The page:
The Democratic U.S. Senate race between Sen. Daniel Akaka and Rep. Ed Case could turn into a debate about debates as the September primary approaches.
The underdog Case, who needs the visibility of televised debates to show off his political polish and relative youth, lobbies for face-to-face encounters every chance he gets.
Akaka, 82, has been noncommittal, however, about sharing a stage with his 53-year-old challenger.
It's too early in the campaign for voters to focus on debates, but pressure will mount as the election draws closer.
Akaka's reluctance is not surprising; such forums have never been his strong suit.
He shied away from debating Pat Saiki in his last contested election 16 years ago, when he was considerably quicker on his feet.
A debate against Case could be disastrous if he were to stumble and show his age in front of a statewide television audience.
But if Akaka ducks Case, he risks leaving an impression that he doesn't have enough left to stand up to the pressure of tough questioning on live TV.
It also could raise concerns about his ability to do the job; if he's afraid to debate his opponent, how can he participate effectively in the daily debates in Congress?
Case faces his own debate risks, although he has less to lose.
Mainly, he could alienate voters if he came across as mean, strident or disrespectful of the well-liked Akaka.
And there are issues that set up better for Akaka — most notably, the unpopular war in Iraq.
Akaka was among a minority of senators who voted against authorizing President Bush to go to war in 2002.
He explains his reasons clearly and concisely, and his stand looks prophetic to many voters three years later.
Case, on the other hand, gets speculative and convoluted when explaining that he wasn't in Congress in 2002, but would have voted for the war if he'd been there.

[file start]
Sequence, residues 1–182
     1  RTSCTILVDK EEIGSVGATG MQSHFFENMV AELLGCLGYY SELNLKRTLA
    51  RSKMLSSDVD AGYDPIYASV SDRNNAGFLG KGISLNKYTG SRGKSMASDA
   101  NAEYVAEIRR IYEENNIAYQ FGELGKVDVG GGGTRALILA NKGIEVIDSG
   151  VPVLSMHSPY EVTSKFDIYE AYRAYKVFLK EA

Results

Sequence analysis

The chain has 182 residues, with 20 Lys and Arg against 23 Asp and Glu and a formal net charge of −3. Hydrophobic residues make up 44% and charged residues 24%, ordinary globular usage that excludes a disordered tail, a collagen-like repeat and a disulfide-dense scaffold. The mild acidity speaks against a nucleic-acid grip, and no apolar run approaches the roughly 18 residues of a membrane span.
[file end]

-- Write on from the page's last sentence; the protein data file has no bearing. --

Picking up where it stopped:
While agitating for debates, Case has been curiously thin-skinned about candid discussions of issues in the campaign.
When Akaka pointed out their opposing votes on Republican tax cuts — he voted against and Case voted for — Case whined about "negative campaigning."
Honest give-and-take on issues is not negative campaigning; it's what campaigns are for.
If it hurts Case's feelings to engage in frank discussion of fair issues such as tax policy, what's the point of a debate?
It's reminiscent of his 2004 run for re-election against Mike Gabbard, when Case kept issuing ominous warnings of negative attacks from Gabbard that never really came.
In fact, public letters Case wrote to Gabbard making insinuations about his background and religious affiliation came closer to negative campaigning than anything Gabbard ever did.
It's good political fun to speculate about the outcome of debates before they occur, but you never know how they will turn out.
In the 1980 presidential debates, Jimmy Carter was clearly more glib and knowledgeable than the older Ronald Reagan, but Reagan carried the day with a folksy style and sense of humor that connected with voters.
In Hawai'i's 1998 gubernatorial debate, Linda Lingle was a far more polished speaker than Gov. Ben Cayetano, but Cayetano won out by hammering Lingle on the specifics of her proposals and catching her being vague.
Only Akaka knows what he's capable of, and whether or not he debates likely depends on what his polls show.
If Akaka thinks he's comfortably ahead, he'll probably avoid the risk of debating and count on the loyalty of old-line Democrats, unions and Native Hawaiians to bring him home.
But if the race looks close, he may have no choice but to take the gamble.
David Shapiro, a veteran Hawai'i journalist, can be reached by e-mail at firstname.lastname@example.org.